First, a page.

Miami this month voted to explore banning the retail sale of dogs, with commissioners giving initial approval for a six-month moratorium on new pet stores selling dogs or cats while the city considered the matter. It would join about two dozen cities throughout Florida with similar bans, including North Miami and Hallandale Beach.
PetSmart and PetCo, the nation’s top pet-store chains, do not sell dogs or cats, and instead encourage customers to adopt shelter animals at in-store events and then sell the new owners accessories and food.
Miami-Dade attorneys said federal law prevents a county from imposing a retail ban on dog sales. It’s an unsettled issue, with a similar ban in Cook County, Ill., tied up in a court challenge. The American Society for the Prevention of Cruelty to Animals maintains counties can impose dog-sale bans, though Miami-Dade’s would have been the first in Florida.
Road-side puppy dealers were a main target of the ordinance, and the regulations seek to close a loophole that allowed the makeshift pet stores to waive off enforcement by claiming to sell fewer than 20 dogs per year. The new rules eliminate the threshold, subjecting road-side dealers to disclosure requirements and maintaining a license for whatever facility is used to actually breed the dogs. While roadside pet sales are still allowed, the ordinance is designed to expose the zoning and licensing violations suspected at most of the transient operations.
“It makes you subject to inspections,” said Alex Muñoz, Miami-Dade’s director of animal services. “Now we can go to your house.”
The plight of dogs and cats became sensitive political territory in 2012, when county voters overwhelmingly supported a non-binding ballot question calling for higher property taxes to expand animal services. Miami-Dade Mayor Carlos Gimenez and commissioners ultimately rejected the recommendation, but agreed to a funding boost for Animal Services that brought its budget from $11.5 million in 2011 to nearly $17 million next year.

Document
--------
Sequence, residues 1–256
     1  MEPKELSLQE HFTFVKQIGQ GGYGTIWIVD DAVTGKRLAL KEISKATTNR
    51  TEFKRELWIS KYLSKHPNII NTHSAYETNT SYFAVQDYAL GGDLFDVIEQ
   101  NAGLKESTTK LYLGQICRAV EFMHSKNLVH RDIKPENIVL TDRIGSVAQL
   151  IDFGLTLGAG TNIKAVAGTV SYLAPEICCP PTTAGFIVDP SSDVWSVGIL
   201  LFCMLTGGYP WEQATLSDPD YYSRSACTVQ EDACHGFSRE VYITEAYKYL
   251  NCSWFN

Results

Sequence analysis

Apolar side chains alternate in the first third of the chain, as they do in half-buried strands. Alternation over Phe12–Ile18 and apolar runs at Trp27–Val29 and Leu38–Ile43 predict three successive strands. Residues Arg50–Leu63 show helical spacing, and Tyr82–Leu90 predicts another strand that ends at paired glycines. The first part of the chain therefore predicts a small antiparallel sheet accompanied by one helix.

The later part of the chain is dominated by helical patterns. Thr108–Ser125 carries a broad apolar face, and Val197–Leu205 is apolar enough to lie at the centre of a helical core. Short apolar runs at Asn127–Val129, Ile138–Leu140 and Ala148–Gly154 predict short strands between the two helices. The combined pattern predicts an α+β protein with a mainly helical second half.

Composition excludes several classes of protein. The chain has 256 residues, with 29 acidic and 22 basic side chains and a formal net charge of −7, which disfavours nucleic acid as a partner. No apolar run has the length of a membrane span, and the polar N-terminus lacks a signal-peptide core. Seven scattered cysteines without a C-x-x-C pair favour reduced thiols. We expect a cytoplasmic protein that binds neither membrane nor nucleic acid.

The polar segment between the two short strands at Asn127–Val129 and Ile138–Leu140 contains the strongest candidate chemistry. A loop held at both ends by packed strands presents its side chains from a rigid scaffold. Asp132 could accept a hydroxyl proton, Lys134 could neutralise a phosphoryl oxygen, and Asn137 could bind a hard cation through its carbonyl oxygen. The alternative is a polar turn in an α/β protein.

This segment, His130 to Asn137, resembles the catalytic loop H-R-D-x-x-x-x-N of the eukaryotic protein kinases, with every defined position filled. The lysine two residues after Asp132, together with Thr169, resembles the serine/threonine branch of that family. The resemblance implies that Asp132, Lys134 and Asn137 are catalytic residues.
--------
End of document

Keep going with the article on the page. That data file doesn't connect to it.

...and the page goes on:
A larger, modernized shelter is under construction and Muñoz points to expanded adoption events, sterilize-and-release programs for cats, reworking the foster program and operational changes that helped bring the shelter’s euthanasia rate for dogs down from 28 percent in 2012 to 18 percent this year, according to county figures.
Animal advocates aren’t satisfied. Leaders of Pets Trust Miami, the group behind the 2012 ballot question, recruited a candidate this summer in a failed bid to unseat County Commissioner Jose “Pepe” Diaz and mounted a brief recall effort against Bell in 2013. Bell lost her reelection bid last month to newcomer Daniella Levine Cava,
Muñoz is under pressure to achieve a “no-kill” designation for the county’s shelter, which last year put down about 10 dogs and eight cats per day, according to county statistics. The shelter takes in about 250 dogs a week — and that’s not counting those received by non-profit rescue groups across the county.
“I probably get 20 calls a day,” said Dee Chess, who runs the Friends Forever Humane Society in Homestead. “Every rescue group is totally full.” Alicia Aballi, an 85-year-old retired teacher who started the Born Free shelter in southern Dade, said she’s caring for 138 unwanted dogs, including a shih-tzu she nabbed from the middle of the road several days ago.
With her shelter at capacity, Aballi said she tries to resist hearing of new dogs needing homes. “They tell me not to answer the phone,” she said. “I can’t help it.”